Deploy to key parish community centers following a disaster to provide a holistic approach to Disaster Recovery through strategic outreach to survivors that may be socially, geographically and/or culturally isolated during the recovery process. The P-RACs provide immediate services and resources, connecting survivors to community services. P-RACs often require other Catholic organizations working together to deliver critical information and referral services along with immediate relief to the survivors of a given disaster. P-RACs are led by trained Rapid Response Teams, that will train others, provide information on FEMA, SBA, ONA, State and Local Disaster Programs, and provide assistance, supplies, registration, etc.
House In A Box
House in a Box ® is one of the most well-known programs of the Society of St. Vincent de Paul. The program helped DSC win the National Voluntary Organizations Active in Disaster (VOAD) Non-Government Organization of the Year Award in 2012 and again in 2021. House in a Box® provides new furniture and furnishings to families that have lost everything due to disasters and who may be forced into situational poverty as a result of natural or manmade disasters. DSC buys furniture and furnishings in volume through pre-screened vendors, so that it can provide a starter household furniture kit at a greatly reduced price. DSC coordinates all logistics for the House in a Box ® and ensures that there is no duplication of benefits. The “House in a Box®” gives dignity to families in crisis as it gives them a new and fresh start. All families receive the same new items which are packaged for efficiency of delivery. The program is scalable to the size of the family and starts at $3,000 for a family of four.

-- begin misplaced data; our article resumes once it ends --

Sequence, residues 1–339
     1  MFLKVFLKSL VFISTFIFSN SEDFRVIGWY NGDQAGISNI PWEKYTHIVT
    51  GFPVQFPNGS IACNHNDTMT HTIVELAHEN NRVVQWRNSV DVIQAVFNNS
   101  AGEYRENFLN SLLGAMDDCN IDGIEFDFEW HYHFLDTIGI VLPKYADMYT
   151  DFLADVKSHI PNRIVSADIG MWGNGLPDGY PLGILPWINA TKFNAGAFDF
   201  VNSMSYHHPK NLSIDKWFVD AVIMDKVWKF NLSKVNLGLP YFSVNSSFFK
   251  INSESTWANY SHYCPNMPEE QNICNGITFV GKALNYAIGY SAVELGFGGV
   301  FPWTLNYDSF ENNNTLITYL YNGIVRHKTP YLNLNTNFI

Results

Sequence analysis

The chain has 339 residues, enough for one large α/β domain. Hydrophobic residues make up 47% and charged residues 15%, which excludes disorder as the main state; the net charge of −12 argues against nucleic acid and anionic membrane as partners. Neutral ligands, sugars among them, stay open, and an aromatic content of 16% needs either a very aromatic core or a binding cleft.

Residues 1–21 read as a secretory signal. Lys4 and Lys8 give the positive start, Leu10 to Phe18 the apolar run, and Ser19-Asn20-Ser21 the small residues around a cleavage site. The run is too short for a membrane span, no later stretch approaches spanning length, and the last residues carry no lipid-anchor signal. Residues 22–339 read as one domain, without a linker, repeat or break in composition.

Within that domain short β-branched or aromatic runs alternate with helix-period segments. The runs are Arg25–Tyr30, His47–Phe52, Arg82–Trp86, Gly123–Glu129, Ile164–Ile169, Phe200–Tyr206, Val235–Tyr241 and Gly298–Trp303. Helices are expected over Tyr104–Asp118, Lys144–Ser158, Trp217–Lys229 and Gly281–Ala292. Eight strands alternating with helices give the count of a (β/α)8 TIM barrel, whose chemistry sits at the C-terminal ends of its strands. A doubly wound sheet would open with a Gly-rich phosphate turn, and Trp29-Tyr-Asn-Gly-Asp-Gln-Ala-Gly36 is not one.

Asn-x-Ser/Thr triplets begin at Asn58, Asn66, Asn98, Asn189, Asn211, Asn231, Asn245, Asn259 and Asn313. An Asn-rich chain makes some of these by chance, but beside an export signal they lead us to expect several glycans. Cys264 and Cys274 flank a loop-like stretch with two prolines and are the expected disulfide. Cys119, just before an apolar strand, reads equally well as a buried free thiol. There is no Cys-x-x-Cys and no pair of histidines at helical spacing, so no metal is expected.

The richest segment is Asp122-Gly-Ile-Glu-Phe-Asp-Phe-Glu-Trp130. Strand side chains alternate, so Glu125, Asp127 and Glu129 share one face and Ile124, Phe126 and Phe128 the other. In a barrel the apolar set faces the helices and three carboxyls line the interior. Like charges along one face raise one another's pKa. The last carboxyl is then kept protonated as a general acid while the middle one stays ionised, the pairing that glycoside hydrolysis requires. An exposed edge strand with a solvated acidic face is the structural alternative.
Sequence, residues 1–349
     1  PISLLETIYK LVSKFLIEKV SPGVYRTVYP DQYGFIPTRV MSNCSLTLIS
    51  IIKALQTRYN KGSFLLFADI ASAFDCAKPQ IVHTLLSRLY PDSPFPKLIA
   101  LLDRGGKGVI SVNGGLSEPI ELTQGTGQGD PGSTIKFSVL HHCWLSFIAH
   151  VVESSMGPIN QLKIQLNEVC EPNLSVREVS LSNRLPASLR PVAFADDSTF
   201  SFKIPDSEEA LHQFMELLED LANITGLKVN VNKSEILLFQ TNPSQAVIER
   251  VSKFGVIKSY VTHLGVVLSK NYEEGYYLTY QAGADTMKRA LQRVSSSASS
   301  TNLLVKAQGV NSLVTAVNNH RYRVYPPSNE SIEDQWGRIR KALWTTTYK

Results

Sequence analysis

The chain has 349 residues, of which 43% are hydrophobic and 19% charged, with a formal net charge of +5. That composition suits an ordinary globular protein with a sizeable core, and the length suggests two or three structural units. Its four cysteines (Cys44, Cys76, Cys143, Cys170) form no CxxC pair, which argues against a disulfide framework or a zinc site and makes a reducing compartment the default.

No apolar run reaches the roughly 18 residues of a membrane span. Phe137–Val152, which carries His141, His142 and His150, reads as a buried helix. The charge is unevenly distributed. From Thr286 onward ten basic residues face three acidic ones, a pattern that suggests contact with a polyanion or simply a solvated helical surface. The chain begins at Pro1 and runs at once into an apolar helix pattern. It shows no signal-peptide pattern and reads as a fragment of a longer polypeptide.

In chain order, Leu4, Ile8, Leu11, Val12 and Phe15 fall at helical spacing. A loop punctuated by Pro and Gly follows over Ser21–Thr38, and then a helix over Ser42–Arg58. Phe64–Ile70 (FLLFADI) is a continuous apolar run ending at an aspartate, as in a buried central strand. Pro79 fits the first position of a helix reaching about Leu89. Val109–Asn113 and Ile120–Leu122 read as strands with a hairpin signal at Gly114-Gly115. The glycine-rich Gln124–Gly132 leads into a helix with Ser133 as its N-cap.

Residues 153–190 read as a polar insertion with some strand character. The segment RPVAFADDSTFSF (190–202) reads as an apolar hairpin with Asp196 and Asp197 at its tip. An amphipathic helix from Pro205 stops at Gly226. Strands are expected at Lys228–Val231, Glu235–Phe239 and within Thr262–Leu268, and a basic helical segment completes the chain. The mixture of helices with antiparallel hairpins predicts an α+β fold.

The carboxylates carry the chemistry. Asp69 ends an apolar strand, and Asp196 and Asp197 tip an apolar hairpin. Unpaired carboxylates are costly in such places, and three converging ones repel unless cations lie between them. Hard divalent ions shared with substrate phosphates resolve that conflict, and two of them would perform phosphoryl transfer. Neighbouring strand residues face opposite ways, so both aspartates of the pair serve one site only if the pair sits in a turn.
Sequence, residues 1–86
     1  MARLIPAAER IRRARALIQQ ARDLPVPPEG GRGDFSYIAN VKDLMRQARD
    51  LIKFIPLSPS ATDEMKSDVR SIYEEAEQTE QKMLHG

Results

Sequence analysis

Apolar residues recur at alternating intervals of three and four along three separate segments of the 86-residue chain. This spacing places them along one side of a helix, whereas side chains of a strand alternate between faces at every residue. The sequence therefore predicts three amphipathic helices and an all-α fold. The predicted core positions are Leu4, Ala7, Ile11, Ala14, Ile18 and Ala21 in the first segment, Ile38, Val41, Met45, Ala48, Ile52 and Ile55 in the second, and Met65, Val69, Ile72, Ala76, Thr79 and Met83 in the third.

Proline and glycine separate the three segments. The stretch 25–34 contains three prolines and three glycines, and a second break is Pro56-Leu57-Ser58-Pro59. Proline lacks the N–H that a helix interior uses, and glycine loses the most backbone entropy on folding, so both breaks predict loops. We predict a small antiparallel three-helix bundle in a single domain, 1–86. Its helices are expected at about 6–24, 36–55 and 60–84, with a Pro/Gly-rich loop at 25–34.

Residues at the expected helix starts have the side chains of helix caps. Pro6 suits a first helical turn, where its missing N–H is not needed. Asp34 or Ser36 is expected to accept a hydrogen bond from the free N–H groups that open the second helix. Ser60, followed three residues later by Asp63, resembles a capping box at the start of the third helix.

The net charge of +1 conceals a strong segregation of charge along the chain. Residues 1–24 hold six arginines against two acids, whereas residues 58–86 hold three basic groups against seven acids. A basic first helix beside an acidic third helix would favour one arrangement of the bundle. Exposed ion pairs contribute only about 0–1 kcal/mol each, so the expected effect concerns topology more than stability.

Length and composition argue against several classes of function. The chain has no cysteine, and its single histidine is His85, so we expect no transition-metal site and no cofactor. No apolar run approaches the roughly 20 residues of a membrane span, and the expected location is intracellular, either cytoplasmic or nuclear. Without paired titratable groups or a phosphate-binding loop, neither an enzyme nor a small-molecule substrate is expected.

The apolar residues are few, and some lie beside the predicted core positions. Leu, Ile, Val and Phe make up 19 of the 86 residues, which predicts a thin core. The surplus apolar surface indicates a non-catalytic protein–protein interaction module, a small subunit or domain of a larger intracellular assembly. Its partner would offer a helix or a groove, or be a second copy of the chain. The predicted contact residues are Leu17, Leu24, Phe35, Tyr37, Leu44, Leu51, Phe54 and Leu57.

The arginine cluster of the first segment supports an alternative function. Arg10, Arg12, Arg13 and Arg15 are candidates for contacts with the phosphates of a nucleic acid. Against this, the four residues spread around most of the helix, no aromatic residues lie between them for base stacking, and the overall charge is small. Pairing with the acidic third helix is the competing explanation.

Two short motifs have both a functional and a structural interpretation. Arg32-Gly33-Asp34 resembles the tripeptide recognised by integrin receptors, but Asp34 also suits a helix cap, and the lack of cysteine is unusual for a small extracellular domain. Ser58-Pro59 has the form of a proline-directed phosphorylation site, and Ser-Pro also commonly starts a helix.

One package includes: beds, linens, dishes, pots and pans, dressers, silverware, bathroom setup, dinette and a couch.
Establishing a House in a Box ® Program in a Disaster Recovery area, begins with the assessment of the need by the RRT which includes the size of the disaster and the number of affected Households needing assistance. A minimum of 20 families is required before it is cost effective to establish a House in a Box ® Program. This assessment also includes assessing the capabilities of Catholic Organizations/Other Organizations in supporting a House in a Box ® Program. This would include SVDP Council(s), SVDP Conference(s), Knights of Columbus, Catholic Charities, Daughters of Charity, Diocese(s), Salvation Army, and Red Cross.
DSC’s primary objective is to provide support to SVDP Councils and Conferences throughout all phases of disaster. DSC’s programs all have a focus on reducing the likelihood for families to fall into situational poverty due to natural or man-made disasters.